How High Will Interest Rates Go? Don't Let That Distract You | Guest Post

As interest rates hit 5.5 percent, buyers are seriously reconsidering what they can afford. Many are dropping out of the market for rentals, only to learn that rents are going up, too.
Nicole Rueth

The housing market in Colorado is so hot it's starting to feel untouchable to potential homebuyers.

There are multiple factors putting the market into overdrive: inventory is scarcer than it's ever been, mortgage loan interest rates are 2.5 percentage points higher than they were last year, and average home prices are setting new records.

For potential buyers, especially in red hot markets like Denver, housing is starting to seem out of reach. The Mile High City is now the 7th most expensive city in the U.S., with a typical home selling for $624,950. Homebuyers watch properties they eyeballed last year for $602,000 creep up to $680,000. As interest rates hit 5.5 percent, buyers are seriously reconsidering what they can afford. Many are dropping out of the market for rentals, only to learn that rents are going up, too.

The market defections aren't slowing the demand. When people leave Denver, they are quickly replaced by Californians, Chicagoans, Bostonians and others who are flushed with cash from doing well in cryptocurrency, business investments and the stock market. With 3,204 homes for sales, in a metro area of nearly 3 million people, the demand to live in a beautiful city like Denver will stay very competitive.

The Federal Reserve says it will combat inflation and cool down the economy by raising interest rates several times in the coming months, but the haste with which they're applying their strategy could cause panic in the market or a full-blown recession. If the latter happens, interest rates will fall again. Money will be cheap, and demand will be high.

Will Interest Rates Continue Rising Through 2022?

Yes, we are likely to see interest rates continue to rise through 2022, and this will be followed by a recession.

Now, interest rates — and home appreciation — won't go up as quickly over the next four months as they did the first four months of 2022. We're in this situation because people fear the Fed's reaction to inflation.

Interest rates don’t rise based on reality but on expectation. When reality matches the expectation, rates tend to settle into a groove, inching up ever so slightly from time to time. When reality doesn’t meet expectations — that's when rates get wonky.

What does this mean for a recession? Economist Julius Shiskin defined a recession as two consecutive quarters of declining GDP. We aren't quite there yet.

While the overall economy may have contracted in the first quarter of 2022, consumer spending, which is nearly 70 percent of GDP, increased by 3.7 percent from January to March. Even during this time of uncertainty, American shoppers are still buying name brands at higher rates, finding a way to pay for what they want even if it requires taking on a new line of credit.

While the Fed has done a reasonable job at sharing their plans ahead of time to avoid crashing the market, the interest rate increases are likely to cause a recession, but I suspect we'll see this happen in 2023, at which point rates will drop once again.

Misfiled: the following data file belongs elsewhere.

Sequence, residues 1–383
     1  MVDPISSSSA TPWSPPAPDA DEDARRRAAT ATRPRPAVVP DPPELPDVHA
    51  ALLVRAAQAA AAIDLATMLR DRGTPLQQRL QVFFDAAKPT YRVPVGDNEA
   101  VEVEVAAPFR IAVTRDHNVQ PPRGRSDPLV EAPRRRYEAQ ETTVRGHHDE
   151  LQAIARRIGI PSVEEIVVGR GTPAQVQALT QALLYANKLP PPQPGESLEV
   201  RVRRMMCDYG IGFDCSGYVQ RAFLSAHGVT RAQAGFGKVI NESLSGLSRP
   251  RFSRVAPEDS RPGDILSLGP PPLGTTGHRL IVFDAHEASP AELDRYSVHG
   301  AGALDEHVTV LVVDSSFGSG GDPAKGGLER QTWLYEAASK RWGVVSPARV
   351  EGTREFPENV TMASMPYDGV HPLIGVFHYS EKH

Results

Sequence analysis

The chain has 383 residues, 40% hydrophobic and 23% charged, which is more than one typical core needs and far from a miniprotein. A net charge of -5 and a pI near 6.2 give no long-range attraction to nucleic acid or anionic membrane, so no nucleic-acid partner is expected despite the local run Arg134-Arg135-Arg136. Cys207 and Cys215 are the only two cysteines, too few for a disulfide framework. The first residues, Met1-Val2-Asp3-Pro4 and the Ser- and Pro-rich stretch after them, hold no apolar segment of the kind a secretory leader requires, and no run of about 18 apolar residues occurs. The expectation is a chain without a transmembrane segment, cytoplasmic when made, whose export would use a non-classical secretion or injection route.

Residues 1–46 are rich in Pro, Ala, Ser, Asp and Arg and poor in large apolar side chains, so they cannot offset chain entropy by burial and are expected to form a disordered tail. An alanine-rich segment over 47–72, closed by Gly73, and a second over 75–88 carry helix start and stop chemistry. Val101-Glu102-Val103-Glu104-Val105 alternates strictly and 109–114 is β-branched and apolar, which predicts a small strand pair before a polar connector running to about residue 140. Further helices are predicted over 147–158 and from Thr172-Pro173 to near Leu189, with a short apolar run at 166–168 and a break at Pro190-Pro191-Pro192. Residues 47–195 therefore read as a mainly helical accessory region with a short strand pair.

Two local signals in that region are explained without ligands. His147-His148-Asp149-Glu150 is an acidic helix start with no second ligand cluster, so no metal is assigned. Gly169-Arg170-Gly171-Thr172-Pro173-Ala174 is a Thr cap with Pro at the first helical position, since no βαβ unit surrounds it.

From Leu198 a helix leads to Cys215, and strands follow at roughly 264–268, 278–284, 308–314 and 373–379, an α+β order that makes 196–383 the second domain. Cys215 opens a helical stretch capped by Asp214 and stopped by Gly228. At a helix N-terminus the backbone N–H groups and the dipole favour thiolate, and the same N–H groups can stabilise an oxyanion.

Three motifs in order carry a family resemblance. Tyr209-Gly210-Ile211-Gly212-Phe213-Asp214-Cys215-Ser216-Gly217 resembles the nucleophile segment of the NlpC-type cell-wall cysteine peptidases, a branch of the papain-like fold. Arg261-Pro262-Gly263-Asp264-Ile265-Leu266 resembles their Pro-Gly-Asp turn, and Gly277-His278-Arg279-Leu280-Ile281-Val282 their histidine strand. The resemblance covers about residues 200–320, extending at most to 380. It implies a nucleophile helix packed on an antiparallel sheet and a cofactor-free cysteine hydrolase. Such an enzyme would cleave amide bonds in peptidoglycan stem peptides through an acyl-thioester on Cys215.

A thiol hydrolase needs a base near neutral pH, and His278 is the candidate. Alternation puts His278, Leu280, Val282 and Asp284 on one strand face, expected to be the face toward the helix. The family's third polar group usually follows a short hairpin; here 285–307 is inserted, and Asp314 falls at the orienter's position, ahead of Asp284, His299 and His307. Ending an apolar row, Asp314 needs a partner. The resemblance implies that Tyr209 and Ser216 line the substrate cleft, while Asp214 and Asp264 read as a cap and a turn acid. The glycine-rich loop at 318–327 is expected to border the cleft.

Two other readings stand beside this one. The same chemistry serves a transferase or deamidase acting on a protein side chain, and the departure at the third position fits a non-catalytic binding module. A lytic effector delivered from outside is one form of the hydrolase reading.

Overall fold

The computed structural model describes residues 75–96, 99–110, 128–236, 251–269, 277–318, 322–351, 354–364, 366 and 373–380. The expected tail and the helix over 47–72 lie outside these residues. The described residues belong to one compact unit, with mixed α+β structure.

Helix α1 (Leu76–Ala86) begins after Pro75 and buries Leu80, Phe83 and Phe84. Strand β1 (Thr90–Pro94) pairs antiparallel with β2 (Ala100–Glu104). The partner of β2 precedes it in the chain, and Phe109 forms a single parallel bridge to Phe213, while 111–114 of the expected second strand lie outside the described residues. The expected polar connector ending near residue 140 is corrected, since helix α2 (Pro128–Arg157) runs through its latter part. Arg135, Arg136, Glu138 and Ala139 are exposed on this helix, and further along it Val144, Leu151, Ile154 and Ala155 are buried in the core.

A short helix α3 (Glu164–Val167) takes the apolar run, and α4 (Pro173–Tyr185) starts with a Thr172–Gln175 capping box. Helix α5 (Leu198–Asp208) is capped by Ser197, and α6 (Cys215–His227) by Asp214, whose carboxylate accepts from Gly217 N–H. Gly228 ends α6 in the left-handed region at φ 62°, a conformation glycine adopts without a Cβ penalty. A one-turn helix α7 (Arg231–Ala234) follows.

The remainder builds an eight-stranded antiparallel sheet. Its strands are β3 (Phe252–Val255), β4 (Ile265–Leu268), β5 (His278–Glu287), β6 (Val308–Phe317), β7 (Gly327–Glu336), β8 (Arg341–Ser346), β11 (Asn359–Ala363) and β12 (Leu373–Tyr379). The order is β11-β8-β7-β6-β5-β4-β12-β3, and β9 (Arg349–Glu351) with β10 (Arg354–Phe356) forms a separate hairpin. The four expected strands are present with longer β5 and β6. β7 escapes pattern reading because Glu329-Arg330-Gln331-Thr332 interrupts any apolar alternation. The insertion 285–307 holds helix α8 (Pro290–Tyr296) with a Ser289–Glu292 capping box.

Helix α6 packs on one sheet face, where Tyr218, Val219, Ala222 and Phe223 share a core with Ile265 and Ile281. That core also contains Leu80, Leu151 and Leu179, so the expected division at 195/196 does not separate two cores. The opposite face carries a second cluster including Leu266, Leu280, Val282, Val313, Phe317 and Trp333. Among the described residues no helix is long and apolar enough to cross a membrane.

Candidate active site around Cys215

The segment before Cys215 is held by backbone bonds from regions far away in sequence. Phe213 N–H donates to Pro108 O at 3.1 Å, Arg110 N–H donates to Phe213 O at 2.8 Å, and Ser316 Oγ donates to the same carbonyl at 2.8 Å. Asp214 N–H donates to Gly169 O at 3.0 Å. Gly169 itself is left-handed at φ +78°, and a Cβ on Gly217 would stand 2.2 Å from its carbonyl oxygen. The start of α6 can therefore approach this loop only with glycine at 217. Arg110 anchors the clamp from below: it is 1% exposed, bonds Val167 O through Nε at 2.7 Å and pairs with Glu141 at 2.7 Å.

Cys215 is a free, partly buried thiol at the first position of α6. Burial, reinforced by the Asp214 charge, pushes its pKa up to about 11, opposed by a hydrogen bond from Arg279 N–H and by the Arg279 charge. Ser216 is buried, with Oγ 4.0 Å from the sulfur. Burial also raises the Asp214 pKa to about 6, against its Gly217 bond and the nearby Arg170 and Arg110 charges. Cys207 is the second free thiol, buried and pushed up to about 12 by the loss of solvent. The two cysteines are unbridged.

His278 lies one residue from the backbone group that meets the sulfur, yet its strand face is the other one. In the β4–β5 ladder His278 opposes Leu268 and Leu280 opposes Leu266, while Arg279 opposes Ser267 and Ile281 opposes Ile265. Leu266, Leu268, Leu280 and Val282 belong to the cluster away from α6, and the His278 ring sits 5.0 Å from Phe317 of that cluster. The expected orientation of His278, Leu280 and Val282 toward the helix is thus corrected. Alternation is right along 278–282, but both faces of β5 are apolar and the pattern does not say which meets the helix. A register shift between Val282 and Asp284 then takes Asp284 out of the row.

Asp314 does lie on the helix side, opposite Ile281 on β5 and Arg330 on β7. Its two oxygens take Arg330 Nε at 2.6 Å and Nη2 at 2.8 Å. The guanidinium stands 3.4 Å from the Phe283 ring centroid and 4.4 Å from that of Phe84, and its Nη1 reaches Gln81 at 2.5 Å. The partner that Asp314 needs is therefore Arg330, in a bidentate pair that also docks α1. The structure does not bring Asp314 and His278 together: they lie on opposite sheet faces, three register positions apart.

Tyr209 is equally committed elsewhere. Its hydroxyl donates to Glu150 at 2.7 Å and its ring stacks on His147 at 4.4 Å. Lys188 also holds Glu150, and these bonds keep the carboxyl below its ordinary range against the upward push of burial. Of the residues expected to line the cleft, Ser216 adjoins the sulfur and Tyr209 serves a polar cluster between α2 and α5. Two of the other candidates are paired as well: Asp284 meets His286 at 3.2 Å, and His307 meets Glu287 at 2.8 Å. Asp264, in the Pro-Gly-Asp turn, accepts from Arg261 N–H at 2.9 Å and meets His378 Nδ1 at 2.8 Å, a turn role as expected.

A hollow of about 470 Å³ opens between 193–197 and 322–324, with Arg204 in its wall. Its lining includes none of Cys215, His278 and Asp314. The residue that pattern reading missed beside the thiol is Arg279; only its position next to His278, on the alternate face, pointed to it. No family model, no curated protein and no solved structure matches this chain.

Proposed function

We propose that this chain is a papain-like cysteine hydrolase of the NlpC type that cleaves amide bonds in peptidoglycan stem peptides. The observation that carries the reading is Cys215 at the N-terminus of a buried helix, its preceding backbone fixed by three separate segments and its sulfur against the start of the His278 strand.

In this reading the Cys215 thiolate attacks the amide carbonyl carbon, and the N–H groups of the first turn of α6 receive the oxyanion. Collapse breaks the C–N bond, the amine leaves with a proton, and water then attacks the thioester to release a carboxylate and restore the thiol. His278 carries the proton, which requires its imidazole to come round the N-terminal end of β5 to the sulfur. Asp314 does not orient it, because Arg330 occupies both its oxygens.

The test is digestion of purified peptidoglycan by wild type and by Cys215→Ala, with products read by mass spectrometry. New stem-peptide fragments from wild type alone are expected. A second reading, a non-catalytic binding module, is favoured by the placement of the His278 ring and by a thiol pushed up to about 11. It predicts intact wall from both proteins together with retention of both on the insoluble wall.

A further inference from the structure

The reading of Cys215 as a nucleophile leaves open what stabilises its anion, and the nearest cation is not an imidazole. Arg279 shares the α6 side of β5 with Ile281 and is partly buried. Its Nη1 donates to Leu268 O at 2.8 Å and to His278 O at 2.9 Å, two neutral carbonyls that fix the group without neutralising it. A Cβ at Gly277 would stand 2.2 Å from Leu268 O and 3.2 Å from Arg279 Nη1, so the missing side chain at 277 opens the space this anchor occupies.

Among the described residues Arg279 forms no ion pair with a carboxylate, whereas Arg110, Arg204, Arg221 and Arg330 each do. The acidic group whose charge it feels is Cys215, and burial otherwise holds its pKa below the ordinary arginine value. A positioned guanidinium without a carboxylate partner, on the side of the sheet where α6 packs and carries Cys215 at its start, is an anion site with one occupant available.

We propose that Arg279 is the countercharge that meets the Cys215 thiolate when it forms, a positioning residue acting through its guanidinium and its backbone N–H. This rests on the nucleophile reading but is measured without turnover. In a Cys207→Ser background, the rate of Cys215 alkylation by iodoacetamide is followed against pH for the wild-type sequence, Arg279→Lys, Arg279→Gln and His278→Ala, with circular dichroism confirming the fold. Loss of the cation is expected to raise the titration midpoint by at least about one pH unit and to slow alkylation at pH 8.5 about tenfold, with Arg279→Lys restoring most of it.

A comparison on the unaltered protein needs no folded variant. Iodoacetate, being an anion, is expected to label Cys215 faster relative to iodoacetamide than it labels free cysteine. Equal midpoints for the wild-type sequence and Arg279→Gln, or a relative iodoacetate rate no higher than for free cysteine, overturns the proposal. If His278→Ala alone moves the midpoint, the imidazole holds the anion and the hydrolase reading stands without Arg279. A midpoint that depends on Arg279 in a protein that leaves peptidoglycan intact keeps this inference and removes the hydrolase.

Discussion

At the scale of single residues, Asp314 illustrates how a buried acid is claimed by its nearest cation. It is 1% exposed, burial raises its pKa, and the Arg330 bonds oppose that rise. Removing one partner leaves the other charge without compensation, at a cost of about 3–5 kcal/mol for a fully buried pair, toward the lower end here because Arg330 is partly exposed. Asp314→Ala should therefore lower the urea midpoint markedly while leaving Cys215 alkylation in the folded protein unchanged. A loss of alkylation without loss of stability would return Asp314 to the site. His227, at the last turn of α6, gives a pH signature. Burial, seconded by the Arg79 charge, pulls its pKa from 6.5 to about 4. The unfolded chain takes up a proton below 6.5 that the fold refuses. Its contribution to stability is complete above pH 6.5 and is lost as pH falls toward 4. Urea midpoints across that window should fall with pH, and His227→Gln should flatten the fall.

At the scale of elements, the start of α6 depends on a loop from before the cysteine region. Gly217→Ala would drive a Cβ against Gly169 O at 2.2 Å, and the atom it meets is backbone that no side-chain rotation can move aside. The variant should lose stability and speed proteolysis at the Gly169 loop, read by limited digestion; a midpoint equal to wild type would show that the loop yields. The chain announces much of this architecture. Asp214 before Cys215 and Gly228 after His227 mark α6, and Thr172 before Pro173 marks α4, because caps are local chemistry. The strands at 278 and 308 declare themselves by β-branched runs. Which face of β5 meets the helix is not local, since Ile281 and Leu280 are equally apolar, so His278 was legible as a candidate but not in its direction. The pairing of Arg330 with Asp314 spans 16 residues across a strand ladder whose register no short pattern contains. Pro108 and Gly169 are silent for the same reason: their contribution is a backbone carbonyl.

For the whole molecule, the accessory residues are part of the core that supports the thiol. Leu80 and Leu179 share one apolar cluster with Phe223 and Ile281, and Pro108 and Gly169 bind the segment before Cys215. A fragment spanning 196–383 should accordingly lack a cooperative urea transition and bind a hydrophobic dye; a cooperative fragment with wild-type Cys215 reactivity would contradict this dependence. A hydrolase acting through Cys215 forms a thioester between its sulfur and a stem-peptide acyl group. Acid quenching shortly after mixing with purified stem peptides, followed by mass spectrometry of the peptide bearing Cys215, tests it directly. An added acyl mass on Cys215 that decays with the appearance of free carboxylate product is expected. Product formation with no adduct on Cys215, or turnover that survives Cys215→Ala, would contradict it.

How Should Homebuyers React to Rising Interest Rates?

Homebuyers worried about interest rate increases should follow the age-old advice – get in the market now.

I get it. Purchase prices and interest rates are going up – and that's nerve-wracking! This can tear you away from your goal of homeownership. What really matters is what you can afford to pay. By putting away the rate charts, you'll free your mind to focus on the practical matter of finding a monthly payment that works for you. If rates go down after you sign, you can always refinance.

Start by having a conversation with a lender. The right time to talk to a lender is the first time you think about buying a house. As you develop your plans, think strategically. Below are three questions to ask yourself if you're considering options that aren't the ideal location or perfect home:

  1. Is it an opportunity for a future investment?
  2. Is it an opportunity to purchase a house for your future kids?
  3. Is it something that gets you to your end goal?

Once you establish your goals, you can head in the right direction.

Interest Rates Are Only One Piece of Homeownership Puzzle

While interest rates are important, they are only one piece of the homeownership puzzle. If you get caught up in a single factor dropping or rising, you'll lose sight of the overall strategy.

Focusing on whether interest rates will rise, and how high, distracts people from having a better conversation about the opportunity to have a roof over their head or equity development for their family.


The views, opinions and positions expressed within this guest post are those of the author alone and do not necessarily represent those of the Denver Metro Association of Realtors®. The accuracy, completeness and validity of any statements made within this article are not guaranteed. We accept no liability for any errors, omissions or representations. The copyright of this content belongs to the author and any liability with regards to infringement of intellectual property rights remains with them.

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